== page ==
Dong Jun / SHINE
Luciano Tanto Clement, the Consul General of the Argentine Republic in Shanghai, has an interesting anecdote about the figurative ties between the city and his South American nation.
“For example, if you go to People’s Square and start digging a deep enough hole in the ground, you will arrive in Argentina. It is well known to my compatriots,” he said.
Although he works in a city farthest from his hometown of Salta City, Tanto Clement says the distance hasn’t affected him.
Reflecting on half a century of Argentina and China walking hand in hand, he said the ties between the two countries existed even before 50 years, and “as far as I can see, we are not that far that a map informs us.”
Tanto Clement first visited Shanghai in 2013. Impressed as he was then, the Argentinian said the city was more imposing when he returned as consul general because “it was totally different from eight years ago”.
“They say you can be impressed the first time you come to China, but it’s even more so on the second visit because you can make the comparison. And that explains my feelings for Shanghai.”
In the interview with Shanghai Daily, the CG shared his views on the China-Argentina friendship and the ties between Argentina and Shanghai. He described President Alberto Angel Fernandez’s first trip to China in early February as a great success, and Shanghai as one of the windows of the world, the gateway to China.
SD: What is your view on China-Argentina relations over the past 50 years, and what do you think are the next steps for bilateral relations?
CG: The upcoming 50th anniversary of China-Argentina diplomatic relations is a great opportunity to reflect on what brings us together in the first place.
Historically, the leaders of the two countries forged a relationship that predates formal diplomatic relations. Former President (Juan Domingo) Peron wrote a letter to Chairman Mao in the 1960s. The two countries shared a common worldview from the beginning of their diplomatic history and both participated in the Non-Aligned Movement. So the link was already there.
A turning point in our bilateral relations came in 2004, when the two countries agreed to launch a “strategic partnership”. After that, our political and economic ties grew much stronger. Ten years later, when we evolved our relationship into a “comprehensive strategic partnership“, the aim was to diversify the areas of cooperation and deepen our understanding. And now President Fernandez’s visit can be seen as a natural development of these recent events and logic.
We look forward to the easing of (pandemic) travel restrictions so that we can shrink the map even further through people-to-people trading.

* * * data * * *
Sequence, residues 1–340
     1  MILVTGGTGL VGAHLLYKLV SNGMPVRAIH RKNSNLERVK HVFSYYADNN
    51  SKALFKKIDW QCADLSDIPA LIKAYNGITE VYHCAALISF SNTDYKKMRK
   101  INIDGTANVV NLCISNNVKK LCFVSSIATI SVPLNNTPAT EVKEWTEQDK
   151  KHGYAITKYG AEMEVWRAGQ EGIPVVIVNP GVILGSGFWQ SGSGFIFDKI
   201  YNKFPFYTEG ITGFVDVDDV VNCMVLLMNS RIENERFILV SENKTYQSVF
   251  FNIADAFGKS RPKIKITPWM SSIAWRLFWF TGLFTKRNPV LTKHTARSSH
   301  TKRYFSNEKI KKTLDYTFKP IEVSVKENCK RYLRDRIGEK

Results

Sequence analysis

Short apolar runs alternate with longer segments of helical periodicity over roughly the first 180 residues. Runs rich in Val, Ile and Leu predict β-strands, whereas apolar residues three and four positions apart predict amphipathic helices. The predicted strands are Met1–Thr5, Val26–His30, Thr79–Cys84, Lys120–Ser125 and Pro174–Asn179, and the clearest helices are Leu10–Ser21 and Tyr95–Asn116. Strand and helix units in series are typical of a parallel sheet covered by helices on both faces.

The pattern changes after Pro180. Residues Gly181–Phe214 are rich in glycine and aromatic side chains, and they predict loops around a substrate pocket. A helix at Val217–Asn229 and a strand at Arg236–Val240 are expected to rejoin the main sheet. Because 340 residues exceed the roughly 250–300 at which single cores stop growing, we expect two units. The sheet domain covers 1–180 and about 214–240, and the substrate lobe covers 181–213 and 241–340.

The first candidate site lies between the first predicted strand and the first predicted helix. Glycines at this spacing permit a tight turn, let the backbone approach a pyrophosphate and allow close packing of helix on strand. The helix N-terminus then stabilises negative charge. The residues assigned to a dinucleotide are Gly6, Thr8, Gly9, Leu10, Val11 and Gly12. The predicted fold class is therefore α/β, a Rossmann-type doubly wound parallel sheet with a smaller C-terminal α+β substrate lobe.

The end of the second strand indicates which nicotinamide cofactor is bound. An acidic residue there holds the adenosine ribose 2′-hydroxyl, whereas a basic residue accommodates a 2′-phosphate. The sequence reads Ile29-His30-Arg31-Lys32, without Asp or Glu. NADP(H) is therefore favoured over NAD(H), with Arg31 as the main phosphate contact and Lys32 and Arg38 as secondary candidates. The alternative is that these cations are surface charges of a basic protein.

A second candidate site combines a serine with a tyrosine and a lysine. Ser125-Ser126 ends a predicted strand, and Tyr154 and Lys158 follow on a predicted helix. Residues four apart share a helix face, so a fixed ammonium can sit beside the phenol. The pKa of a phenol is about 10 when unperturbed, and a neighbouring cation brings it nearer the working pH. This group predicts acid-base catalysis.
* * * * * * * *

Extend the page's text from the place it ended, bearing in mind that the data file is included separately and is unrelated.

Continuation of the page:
SD: During President Fernandez’s visit to China, Argentina and China jointly announced the creation of a football school. Could you tell us more?
CG: It’s part of a project, the Argentina-China International Football Academy. It will be developed in Yulin, Shaanxi Province, and will include the construction of football pitches and all necessary accommodation facilities for teachers and players.
Teachers include amateur and professional coaches who enjoy working with children. I believe bringing in Argentines to guide the way we run football, our way of thinking and the way we teach our children is more important than having a place to play. Because we understand that introducing sport at a young age is essential.
In fact, we usually cooperate with the Argentine Football Fans Association of China, especially since the death of football icon (Diego) Maradona. President Xi can be seen as one of China’s Maradona fans.
SD: You started your diplomatic career in 2000 and came to Shanghai last year. How did you feel when you first arrived here?
CG: I was appointed Consul General last August. But I had been here during a 2013 visit by the then Argentine foreign minister. I worked directly for his office at the time. We participated in the 15th Shanghai Art Festival, held at Jing’an Kerry Center.
The first time you visit Shanghai you are impressed, but even more so on your second visit. For example, in 2013, there was no Shanghai Tower!
SD: How many Argentines live in Shanghai? What work do they do?
CG: Last year there were around 200, which was significantly higher before the pandemic and all the travel restrictions that followed.
They perform a wide range of activities, such as entrepreneurs and representatives of Argentine companies, academics and teachers, artists and dancers.
SD: What aspects of Argentine culture and soft power would you highlight in particular?
CG: Football, movies, tango, five Nobel laureates, world-class writers like Jorge Luis Borges, top universities in Latin America and the Spanish-speaking world…and, more generally, Argentinian beef, gaucho culture and untouched natural landscapes.
We are one of the largest food exporters in the world and Argentina is South America’s number one destination for international tourists.
SD: What were your personal impressions of the China International Import Expo last year?
CG: Argentina is always eager to participate in such events. For us, this is a key pillar of our strategy to reach the Chinese market.
Last year, Argentina participated in the CIIE with a 400 square meter booth in the Food and Beverage Pavilion, where 30 Argentine companies displayed a diverse range of products, including wine, seafood, sea, oil and lemons. But we want to change it. We do not only want to be an exporter of foodstuffs, but also an exporter of high technology in key areas: satellites, nuclear reactors and agrotechnology.